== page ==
Our neighbors are busy undressing and dressing, entombed in black velvet, over-the-elbow gloves if she wants to make a statement—does this dress make me look fat? My father hurries to the grocery store before it closes and tries to decipher the jumble of letters, or is it the pet store, and selects a few cans, they must not have cats pictured, to bring home. He thinks in one language, reads in another, is stranded by the third. The sun is setting, and mother is cooking in our living room that is our kitchen that is our bedroom that is thankfully not our bathroom.
(Go to the grocery store and try to read the words on the cans backwards, then upside down, in French perhaps. Buy a few and cook them in your closet. Pay close attention to the smell, how it fills the space, stays.)
The world prepares to celebrate a new era of bygone Dionysia, the last turning of millennia falling between the early and high middle ages, a mid-mid-life crisis one could say, so perhaps now we are in our late mid-later life and settling down, preparing to spend our last years in Florida, the final frontier. The open source prophet tells me that of Fujiwara no Michinaga, the puppeteer, jerks his marionette emperors off their paper palanquins and that the ummat al-islam enters its golden age and waits, a quarter century, for its destined demise.
I map the fate of the failed writer Jackson Curtis who is also Nicolas Cage as he watches the world crumble before him, but I know he will be fine and I will be fine because it’s a TBS rerun and no, I do not have or know someone diagnosed with Mesothelioma and my mother is holding me in her arms and she is thinking about how small our apartment is and how the canola oil lingers in the air and makes it dense and hard to breathe, or is it mothballs spilling out of the closet or the tinge of rusting pipes that pricks your nostrils. Can you smell it? The overhead light casts an unpleasant glow into the room, exorcising nooks, the unfortunate reunion of chipped plaster planes, some things better left concealed in the shadows. Our small colored tele set blares MTV in a language my mother doesn’t understand—but look, it’s Gwen Stefani, I just don’t know it yet.
Our neighbor holds a glass of red in one hand— gloveless no doubt, a lady must have her manners —and grips the upholstered seat with the other. Her fingers feel sticky and hot against the confines of the satin palisade, and she laughs a few beats late in response to an offhanded comment about Egon Krenz’s defense against his ‘shoot-to-kill’ policy, as Pink Floyd said, “just another brick in the wall,” or was that a different wall? Her eyes glued to the tele waiting for the fate of Germany, waiting for the fate of the world, and she doesn’t know if she will really be fine even though he tells her it is all just superstition, but my mother knows, because while her eyes are in this foreign world of MTV and mismatched cartoon voices, her ears are a millennium away in China, where the world continues to spin on its axis.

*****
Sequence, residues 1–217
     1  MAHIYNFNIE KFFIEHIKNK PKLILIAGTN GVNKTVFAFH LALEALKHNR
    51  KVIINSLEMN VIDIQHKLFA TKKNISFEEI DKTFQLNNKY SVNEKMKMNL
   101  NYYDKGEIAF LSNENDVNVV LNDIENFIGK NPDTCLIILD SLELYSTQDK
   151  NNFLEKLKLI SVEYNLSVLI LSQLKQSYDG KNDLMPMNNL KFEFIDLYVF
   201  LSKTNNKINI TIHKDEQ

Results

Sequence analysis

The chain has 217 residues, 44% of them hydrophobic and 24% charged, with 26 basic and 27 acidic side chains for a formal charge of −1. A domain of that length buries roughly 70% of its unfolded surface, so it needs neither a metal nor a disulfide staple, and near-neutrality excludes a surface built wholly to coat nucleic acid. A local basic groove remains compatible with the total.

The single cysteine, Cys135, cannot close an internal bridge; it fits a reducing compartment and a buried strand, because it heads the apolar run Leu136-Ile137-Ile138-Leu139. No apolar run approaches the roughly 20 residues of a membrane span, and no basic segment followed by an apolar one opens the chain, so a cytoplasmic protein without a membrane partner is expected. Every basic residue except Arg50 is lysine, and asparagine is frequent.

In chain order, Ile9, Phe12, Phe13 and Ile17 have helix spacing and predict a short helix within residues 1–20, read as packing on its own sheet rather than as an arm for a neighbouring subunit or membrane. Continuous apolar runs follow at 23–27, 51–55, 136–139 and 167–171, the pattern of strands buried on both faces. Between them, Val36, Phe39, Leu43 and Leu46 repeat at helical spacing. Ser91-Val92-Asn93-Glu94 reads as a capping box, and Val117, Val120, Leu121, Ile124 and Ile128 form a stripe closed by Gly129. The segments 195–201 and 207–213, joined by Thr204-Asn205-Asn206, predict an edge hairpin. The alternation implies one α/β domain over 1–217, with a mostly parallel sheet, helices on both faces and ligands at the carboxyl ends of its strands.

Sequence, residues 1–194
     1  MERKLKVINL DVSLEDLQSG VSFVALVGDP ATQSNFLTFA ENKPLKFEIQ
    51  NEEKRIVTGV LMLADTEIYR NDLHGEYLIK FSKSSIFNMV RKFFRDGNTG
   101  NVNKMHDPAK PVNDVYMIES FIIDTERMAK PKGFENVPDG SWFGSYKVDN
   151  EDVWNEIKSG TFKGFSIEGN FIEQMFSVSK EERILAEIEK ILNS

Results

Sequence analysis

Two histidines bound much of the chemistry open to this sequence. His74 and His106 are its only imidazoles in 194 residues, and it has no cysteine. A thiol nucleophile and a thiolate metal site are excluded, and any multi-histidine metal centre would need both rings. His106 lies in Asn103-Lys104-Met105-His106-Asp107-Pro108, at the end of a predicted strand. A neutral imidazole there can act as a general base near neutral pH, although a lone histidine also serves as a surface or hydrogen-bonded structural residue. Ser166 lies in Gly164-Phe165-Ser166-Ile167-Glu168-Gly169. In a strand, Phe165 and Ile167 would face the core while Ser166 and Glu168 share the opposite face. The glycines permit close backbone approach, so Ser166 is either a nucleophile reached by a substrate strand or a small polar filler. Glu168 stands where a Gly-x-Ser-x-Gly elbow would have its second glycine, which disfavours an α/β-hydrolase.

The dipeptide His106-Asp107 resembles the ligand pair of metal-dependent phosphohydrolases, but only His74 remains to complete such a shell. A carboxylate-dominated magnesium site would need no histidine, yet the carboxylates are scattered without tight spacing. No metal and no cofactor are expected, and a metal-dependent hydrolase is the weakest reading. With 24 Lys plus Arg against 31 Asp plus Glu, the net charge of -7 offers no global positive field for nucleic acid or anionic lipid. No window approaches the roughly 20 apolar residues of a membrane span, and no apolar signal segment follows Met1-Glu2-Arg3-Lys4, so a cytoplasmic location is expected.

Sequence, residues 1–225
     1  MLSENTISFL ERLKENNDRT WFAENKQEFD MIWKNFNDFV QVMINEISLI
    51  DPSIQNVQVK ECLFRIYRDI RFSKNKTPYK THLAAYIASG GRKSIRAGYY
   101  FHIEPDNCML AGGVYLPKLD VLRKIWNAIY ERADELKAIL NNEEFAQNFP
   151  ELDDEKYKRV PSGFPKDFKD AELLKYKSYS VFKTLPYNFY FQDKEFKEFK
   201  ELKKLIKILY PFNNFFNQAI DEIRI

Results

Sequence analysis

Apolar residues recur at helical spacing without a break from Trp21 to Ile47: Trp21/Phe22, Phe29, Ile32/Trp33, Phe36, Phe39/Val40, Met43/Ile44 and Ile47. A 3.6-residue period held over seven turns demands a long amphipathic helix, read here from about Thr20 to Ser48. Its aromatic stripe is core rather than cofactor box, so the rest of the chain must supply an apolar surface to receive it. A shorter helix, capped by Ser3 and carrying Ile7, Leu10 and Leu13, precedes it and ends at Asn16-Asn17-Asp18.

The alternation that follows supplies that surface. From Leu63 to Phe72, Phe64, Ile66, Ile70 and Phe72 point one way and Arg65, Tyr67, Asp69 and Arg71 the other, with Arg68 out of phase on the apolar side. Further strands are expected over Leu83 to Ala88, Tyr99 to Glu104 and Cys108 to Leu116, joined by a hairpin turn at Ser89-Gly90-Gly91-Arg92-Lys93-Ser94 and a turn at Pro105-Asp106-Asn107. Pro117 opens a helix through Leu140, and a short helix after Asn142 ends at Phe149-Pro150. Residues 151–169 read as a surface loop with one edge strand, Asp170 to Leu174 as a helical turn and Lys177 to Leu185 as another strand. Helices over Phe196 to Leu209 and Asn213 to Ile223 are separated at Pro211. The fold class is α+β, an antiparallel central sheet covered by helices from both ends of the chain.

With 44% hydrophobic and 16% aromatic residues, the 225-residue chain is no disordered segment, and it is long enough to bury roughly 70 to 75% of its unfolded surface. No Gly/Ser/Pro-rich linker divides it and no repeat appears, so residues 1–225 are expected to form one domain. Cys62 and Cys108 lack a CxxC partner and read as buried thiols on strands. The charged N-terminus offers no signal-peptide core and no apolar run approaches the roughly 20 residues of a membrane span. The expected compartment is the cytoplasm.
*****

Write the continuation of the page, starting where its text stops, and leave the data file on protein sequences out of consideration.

My ancestors traverse over the Atlantic to meet with the K’iche’ Maya of the Guatemalan highlands, where they bestow upon them the teachings of the Popol Vuh, and they will send down a torrent of tribulation thunder that will grant me the swiftness of the hare, the strength of the boar, and the wrath of the dragon, only if I endure the weight of the planet on my shoulders. On the map taped to my bedroom wall I find China, then Guatemala, then Germany, then New York. When I walk my fingertips across the paper, the journey takes mere seconds.
For eight years when I was called to the nurse’s office for my eye exam, I would wait at the end of the line, rehearsing the secret code scripted by the actors before me. A foreign jumble of letters tests me but this one I can’t solve with algebra, row 5 M-B-D-T-R-A, row 6 D-K-E-T-S-M. I run mnemonic laps in my head, Meat’sBitDryTonightRemarksAldrin, Du Kannst Es Tun als Sailor Moon. They say it’s the things we can’t see that we are most afraid of, but I am much more afraid of seeing clearly. I preferred the blurred shapes and colors that melted into each other over watching the spittle fly from my father’s mouth, not looking higher than the divot between his lips and his nose. A baked prophecy told me a closed mouth gathers no foot, but closed eyes release all that’s been gathered, so I often took to the soft haze of liquid screaming. By now my father has returned home and he struggles to open a can with a fork. A tainted odor slips past the cracks of serrated metal, but it is beginning to give, and he works up a rhythm ignorant of the cat hiding behind the rounded grooves. I wasn’t raised to be wasteful. To honor the closing ceremony of its zodiac year, we feast on rabbit.
(Look outside and focus on trees, anything green. Eat carrots. Pinch your eyelids open until your eyes water, then pinch some more. Turn to the person sitting next to you and scream. Louder!)
Then the fireworks fly out over the city, Go!—Our neighbor hears them before she sees them but there are so many sights and sounds and Smile!—camera flashes she doesn’t know which is what streak of light cascade down angels screaming as they are shot out of the sky dotted lines teardrop seraphim can you hear them I scream at the screen and now she takes off her gloves to embrace him who cares if her palms are clammy my mother looks out the window p-sized explosions go off in her head her ears recognizing the familiar popping sound of fire-crackers return to her in Berlin and as they watch the children of the Chatham islands sing on CNN and I watch Nicolas Cage who is really John Cusack settle on a mountain peak it is not Skeeter Davis or Julie London or even Sharon von Etten that plays in our heads but choir arrangements and Jumbotron kisses and as the earth collides into Nibiru plunging the fourth world into a cataclysmic oblivion, we usher in the New Year.
BOWEN CHEN B'21 needs to go, his mother is calling.